The past 24 hours in Trump-Russia news, explained


There was a flurry of news developments on several Trump-Russia fronts Tuesday and Wednesday morning as we learned of new investigation details, a new indictment, a Supreme Court move, and a planned administration departure.

The biggest news was that a poorly redacted court filing from Paul Manafort revealed new details about what special counsel Robert Mueller is investigating — including that Manafort had shared polling data related to Trump’s presidential campaign with an associate tied to Russian intelligence.

Meanwhile, the Russian lawyer who met Don Jr. and Manafort at Trump Tower got indicted by federal prosecutors in New York on a matter unrelated to the Mueller investigation. The Supreme Court made its first significant move connected to the Mueller probe, in a suit involving a foreign govermment-owned company that remains largely secret. And reports claimed that Deputy Attorney General Rod Rosenstein, who appointed Mueller and supervised him for a year and a half, will soon step down.

Major questions about the Mueller investigation, such as what the special counsel has found out about President Trump and how much longer the probe will continue, remain unanswered. But here’s the significance of what we learned just over the past 24 hours.

Paul Manafort’s lawyers’ sloppy redaction revealed that he shared Trump campaign polling data with Russian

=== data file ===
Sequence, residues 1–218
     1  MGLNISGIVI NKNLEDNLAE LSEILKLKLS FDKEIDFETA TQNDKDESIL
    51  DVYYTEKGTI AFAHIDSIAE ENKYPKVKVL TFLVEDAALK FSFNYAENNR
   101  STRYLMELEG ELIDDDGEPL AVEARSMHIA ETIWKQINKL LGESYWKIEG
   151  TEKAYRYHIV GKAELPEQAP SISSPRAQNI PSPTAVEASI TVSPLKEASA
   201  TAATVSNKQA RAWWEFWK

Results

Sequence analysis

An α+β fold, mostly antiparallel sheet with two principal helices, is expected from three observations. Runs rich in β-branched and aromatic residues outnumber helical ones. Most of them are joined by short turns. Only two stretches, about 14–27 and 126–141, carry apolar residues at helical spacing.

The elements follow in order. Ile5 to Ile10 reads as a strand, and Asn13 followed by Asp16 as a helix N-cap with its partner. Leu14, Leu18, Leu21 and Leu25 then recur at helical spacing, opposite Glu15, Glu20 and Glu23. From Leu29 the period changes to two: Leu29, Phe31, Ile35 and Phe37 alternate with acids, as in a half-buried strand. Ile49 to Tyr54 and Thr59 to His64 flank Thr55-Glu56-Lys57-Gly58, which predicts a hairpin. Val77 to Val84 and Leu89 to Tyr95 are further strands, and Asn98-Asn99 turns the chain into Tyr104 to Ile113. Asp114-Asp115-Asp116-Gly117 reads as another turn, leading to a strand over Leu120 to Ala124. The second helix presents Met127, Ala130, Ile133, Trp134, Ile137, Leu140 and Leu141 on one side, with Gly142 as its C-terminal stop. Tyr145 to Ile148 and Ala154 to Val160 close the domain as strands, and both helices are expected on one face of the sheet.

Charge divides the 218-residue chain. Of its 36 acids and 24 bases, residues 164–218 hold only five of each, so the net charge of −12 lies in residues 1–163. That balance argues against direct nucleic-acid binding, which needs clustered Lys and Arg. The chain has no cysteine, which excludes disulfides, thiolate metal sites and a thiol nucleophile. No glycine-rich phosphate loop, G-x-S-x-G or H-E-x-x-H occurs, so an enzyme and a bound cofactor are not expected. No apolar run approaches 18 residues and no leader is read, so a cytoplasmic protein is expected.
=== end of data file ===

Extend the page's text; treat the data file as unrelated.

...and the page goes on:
In a court filing this week, Paul Manafort’s lawyers responded to special counsel Robert Mueller’s claims that he violated his cooperation agreement by lying repeatedly. (After being convicted of financial crimes in Virginia in August, Manafort agreed to a plea deal to avert a second trial on separate charges in Washington, and committed to cooperating with investigators.)

But though parts of the public version of this filing appeared to be redacted by black bars, it quickly became apparent that the text underneath those redactions could be revealed by simply copying and pasting from the document.


The Russian lawyer who met Don Jr. at Trump Tower was indicted in a separate matter
Meanwhile, on Tuesday, the US Attorney’s Office for the Southern District of New York announced the indictment of Natalia Veselnitskaya — the Russian lawyer who infamously met with Donald Trump Jr. and top Trump campaign officials at Trump Tower during the 2016 campaign and who promised dirt on Hillary Clinton.

Now, the indictment (filed in December and newly unsealed) is unlikely to go anywhere. It’s highly improbable Veselnitskaya will come to the United States and face arrest. And it has no explicit link to the Trump-Russia investigation or the Mueller probe.